A young woman vacillating between frustration and rebellion. A young man searching for himself: torn between passion and compulsion, great talent and exaggerated ambition, he gets irretrievably lost along the way. A depiction of the narrow, self-fixated world of art, and a portrait of the provinces...
Born in 1982, so far Sabrina Sarabi has made only two feature films – but she is already among the most important voices of recent German cinema. Despite all their differences, Sarabi’s debut, PRELUDE, and NO ONE’S WITH THE CALVES have in common that they are remarkable stories, told in an intense, emotional, and occasionally very open way – a dazzling openness that touches us particularly. And they are outstanding acting productions. Sarabi is among the most interesting voices of the German film landscape; a cinema that abandons middle-class conditions and upper-class urban apartments and takes a fresh, untainted look at the way things really are. This is cinema with an interest in social realities without lapsing into social kitsch, and in new experiences. Curiosity is important to Sarabi, along with productive doubt.
“There’s nothing worse than claiming something you don’t believe in,“ Sarabi says during our conversation in a cafe in Berlin-Mitte, “a director must be able to tolerate questioning and a lack of clarity. That rubs off on the film and its audience.“
Sarabi was born in Kassel in northern Hesse, the daughter an Iranian immigrant. However, she spent most of her childhood in Krefeld in the west of the Republic. But she encountered another world mainly through her family: “If the Iranian Revolution in 1979 had turned out differently, my life could have been very different, too“. Her father came to West Germany to study, long before the revolution. The rest of the family gradually followed. “The Iranian element is certainly very important to me,“ says Sarabi, “even though I have never been there. Because unlike some other parts of my family, we never travelled there.“ Nevertheless, Sarabi says she feels a very strong connection to Iranian culture. Despite its security, in her childhood she also had a sense of being “slightly different.“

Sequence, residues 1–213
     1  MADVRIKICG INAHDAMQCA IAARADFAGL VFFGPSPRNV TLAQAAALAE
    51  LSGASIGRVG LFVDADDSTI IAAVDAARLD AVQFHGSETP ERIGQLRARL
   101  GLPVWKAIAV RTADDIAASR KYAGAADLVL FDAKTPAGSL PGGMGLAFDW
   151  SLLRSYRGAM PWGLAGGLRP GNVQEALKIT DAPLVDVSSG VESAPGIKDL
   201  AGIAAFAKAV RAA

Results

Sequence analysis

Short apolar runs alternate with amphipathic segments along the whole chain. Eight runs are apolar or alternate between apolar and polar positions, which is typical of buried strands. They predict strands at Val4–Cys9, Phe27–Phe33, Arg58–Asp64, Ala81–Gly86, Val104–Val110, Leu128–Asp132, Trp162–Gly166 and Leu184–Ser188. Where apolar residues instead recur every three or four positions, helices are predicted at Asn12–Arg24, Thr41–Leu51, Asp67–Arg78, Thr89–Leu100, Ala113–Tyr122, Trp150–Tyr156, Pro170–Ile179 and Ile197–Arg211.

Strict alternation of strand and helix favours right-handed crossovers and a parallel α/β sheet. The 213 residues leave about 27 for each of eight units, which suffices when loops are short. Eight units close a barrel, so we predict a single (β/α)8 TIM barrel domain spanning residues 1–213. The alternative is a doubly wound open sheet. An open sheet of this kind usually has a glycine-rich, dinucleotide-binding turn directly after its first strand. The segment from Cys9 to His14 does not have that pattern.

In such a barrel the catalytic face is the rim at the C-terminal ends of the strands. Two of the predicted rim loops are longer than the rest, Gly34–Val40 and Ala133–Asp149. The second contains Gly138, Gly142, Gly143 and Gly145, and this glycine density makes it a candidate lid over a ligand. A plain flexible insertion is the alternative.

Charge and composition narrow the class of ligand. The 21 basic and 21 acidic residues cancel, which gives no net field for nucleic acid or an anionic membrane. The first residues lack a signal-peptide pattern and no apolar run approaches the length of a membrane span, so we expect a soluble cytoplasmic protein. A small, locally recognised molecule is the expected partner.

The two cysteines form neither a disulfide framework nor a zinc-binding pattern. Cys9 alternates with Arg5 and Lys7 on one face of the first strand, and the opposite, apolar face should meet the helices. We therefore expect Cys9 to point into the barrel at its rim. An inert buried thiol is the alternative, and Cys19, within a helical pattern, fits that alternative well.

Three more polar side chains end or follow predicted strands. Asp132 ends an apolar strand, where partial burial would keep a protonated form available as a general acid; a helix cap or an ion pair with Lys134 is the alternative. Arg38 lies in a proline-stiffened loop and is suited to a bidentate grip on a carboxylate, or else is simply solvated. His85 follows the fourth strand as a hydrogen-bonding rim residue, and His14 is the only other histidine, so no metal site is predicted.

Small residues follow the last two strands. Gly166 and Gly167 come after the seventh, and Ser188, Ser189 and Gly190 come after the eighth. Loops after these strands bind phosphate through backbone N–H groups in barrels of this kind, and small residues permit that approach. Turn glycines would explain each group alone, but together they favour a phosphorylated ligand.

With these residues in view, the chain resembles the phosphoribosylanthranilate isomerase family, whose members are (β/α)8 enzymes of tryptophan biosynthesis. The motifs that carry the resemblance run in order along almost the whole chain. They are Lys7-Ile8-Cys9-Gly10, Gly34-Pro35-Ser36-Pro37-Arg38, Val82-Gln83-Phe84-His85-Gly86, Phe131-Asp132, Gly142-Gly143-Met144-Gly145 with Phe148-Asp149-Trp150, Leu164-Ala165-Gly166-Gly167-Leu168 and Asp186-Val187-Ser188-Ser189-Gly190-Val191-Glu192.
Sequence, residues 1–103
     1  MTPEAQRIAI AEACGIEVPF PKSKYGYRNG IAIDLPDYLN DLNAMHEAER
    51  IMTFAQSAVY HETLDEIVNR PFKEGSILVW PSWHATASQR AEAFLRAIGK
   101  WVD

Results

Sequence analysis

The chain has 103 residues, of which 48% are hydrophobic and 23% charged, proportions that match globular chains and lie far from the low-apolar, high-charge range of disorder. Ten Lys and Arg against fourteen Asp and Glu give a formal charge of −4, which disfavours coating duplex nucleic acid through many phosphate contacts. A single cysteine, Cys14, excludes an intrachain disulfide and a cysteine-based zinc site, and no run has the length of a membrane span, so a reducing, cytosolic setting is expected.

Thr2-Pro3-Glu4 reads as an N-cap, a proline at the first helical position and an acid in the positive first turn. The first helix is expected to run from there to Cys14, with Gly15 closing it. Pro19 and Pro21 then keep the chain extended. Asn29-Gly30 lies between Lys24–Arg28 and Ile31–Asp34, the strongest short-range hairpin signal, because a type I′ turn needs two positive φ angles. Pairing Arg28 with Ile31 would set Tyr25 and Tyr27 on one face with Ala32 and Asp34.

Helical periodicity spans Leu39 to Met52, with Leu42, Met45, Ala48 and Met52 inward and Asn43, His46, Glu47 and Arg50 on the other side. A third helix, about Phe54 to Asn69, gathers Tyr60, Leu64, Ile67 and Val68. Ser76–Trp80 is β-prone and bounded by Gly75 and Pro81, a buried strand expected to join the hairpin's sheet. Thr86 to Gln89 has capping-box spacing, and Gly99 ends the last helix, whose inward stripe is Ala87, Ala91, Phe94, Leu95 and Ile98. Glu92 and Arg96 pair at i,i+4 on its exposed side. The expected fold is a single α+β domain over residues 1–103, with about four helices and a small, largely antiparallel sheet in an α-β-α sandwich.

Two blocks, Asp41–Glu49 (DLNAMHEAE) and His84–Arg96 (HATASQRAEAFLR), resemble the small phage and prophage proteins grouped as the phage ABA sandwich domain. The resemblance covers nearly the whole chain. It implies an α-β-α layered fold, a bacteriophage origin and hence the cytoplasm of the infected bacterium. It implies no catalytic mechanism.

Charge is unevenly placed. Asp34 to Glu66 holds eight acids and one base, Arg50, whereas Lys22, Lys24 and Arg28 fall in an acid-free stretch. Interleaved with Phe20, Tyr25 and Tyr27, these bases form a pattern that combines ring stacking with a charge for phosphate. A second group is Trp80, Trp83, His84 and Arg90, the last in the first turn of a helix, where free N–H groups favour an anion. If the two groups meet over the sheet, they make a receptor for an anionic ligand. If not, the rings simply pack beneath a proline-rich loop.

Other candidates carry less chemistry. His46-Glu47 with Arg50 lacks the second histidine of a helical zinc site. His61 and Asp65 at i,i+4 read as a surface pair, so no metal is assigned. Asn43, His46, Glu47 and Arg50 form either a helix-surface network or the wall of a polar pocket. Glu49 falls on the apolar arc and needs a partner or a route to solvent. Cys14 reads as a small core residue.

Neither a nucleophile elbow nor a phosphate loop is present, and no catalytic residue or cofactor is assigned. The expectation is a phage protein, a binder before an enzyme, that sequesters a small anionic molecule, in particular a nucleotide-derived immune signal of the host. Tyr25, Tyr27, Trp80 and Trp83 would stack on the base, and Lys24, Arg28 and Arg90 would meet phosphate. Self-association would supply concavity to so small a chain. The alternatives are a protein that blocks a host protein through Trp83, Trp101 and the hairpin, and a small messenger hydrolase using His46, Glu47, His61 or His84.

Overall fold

But it was not Iran‘s great cinematic tradition that brought Sarabi to filmmaking. “In my childhood I watched very commercial films. I used VHS to record everything, carefully cut out the commercials, and showed the results to my whole family.“ In her youth, a different art form took centre stage: music. For a while, she wanted to study the violin. So she went to Utrecht in the Netherlands, where she took violin lessons, and at the same time began to study theatre and film studies. “During a directing workshop, I realised how much it interested me.“ She began studying film directing at the KHM in Cologne in 2006.
What has influenced her in particular? One influence, she admits, has been the French director, Maurice Pialat: “I like his whole approach, his very naturalistic, documentary works. The characters have a lot of versatility, they have so many facets.“ Among more recent filmmakers, she adds, it‘s Andrea Arnold, “who is a major role model for me. And Maren Ade. With both of them I have the feeling that they do a lot of intense research, that everything, even the small moments in between, is worked out with great intricacy – I like that very much.“
These influences can be spotted in her own films, although the two works are very different. NO ONE’S WITH THE CALVES premiered in Locarno, where lead actress Saskia Rosendahl won the award for “Best Actress“. It was made very quickly after Sarabi’s debut, which many filmmakers fail to achieve. She produced both films with Weydemann Bros. “They offered excellent, reliable cooperation,“ says Sarabi, who is also realising her next projects, a new feature film and a series, with the company.
Her films – and this must be seen as a compliment in this country – are not at all “typically German“. Sarabi‘s cinema is a cinema of excess, visions, small escapes and those forgotten dreams of everyday life. Curious, tentative, lustful and sensual, hedonistic in some respects, Sarabi often succeeds in bringing to the screen what many other European women directors can only talk about: a woman’s perspective.